Thus, while developers, QA testers, executives, project managers, and operations administrators, etc. may all have different roles, when each one has been trained in cybersecurity the security of applications will go from being a distant, back-seat objective to a core objective, resulting in secure applications that save money.

This can result in more informed decisions at the executive level, as the post-production security of the application and the hostile environment associated with a deployed application will be better understood, and threats can be better mitigated.

Security training of all personnel will also help to make cybersecurity more prominent during discussion, planning, and board meetings.

Currently more than seventy percent of developers admit that security is not discussed during SDLC planning discussions, and a minute amount discussion time was devoted to security topics within major sectors of the software industry.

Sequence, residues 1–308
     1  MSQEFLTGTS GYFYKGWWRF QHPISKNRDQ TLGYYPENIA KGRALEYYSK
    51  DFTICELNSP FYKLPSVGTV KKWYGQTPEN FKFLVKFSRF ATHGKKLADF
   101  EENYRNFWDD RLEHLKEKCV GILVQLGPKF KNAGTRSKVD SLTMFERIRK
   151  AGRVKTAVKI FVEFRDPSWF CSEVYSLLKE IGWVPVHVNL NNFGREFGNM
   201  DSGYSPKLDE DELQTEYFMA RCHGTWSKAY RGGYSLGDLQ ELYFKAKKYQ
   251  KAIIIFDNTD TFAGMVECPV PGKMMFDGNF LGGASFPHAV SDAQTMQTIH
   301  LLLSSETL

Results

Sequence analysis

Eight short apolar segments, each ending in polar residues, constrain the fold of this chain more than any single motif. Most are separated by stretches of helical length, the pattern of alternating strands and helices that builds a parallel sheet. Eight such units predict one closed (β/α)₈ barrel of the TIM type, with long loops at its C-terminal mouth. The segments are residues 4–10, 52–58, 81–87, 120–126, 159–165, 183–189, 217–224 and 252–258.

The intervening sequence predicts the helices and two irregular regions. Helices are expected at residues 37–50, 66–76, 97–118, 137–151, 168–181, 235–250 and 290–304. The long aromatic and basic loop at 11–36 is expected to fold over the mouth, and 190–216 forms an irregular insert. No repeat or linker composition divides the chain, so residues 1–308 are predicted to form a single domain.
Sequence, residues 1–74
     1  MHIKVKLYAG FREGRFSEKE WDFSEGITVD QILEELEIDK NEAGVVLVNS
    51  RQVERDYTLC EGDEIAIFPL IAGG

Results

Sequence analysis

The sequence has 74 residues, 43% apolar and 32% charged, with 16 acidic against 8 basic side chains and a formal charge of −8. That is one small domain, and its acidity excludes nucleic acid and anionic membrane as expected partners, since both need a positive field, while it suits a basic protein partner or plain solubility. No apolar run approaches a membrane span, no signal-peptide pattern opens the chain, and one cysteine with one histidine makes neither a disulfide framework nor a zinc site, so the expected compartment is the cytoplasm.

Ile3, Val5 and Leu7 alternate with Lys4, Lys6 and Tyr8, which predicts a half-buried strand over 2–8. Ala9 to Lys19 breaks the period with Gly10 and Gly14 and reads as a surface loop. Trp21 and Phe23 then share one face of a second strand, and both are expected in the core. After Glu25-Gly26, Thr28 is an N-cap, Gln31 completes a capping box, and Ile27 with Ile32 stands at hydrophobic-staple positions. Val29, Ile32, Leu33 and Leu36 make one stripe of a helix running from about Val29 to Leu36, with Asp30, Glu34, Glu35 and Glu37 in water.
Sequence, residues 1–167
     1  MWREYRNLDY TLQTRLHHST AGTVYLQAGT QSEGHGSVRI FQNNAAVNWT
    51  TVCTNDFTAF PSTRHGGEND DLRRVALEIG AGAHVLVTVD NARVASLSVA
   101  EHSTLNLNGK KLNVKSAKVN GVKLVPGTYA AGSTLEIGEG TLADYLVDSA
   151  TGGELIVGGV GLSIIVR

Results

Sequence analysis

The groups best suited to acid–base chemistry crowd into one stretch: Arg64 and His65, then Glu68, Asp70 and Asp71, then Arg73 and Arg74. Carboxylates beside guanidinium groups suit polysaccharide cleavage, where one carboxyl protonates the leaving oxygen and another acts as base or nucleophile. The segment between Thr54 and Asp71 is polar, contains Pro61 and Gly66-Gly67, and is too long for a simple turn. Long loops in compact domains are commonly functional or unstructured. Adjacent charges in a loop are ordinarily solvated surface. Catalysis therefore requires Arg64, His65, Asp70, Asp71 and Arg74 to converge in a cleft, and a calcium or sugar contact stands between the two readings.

Cybersecurity training will help to disseminate security concepts that can ensure that all employees working on projects are included during security discussions, and helps to reinforce cybersecurity knowledge & terminology that pertains to such discussions.


As software engineering is a discipline that is always evolving, teaching security engineering concepts is a valuable next step for talented team members that have a drive to learn and a passion to produce applications that perform well and are also secure. Interestingly, approximately 80 percent of cyber-attacks carried out on major corporations can be easily avoided, since many of such attacks are carried out by so-called "script kiddies" who use automated tools without much knowledge of actual hacking.

Generally, they simply probe different IT systems and attempt to scan for vulnerabilities to invade any system that they can access. Thus, basic security training for your employees can help to mitigate 80 percent of potential cyber-attacks on your company. Security training can be broken up into three phases, as follows: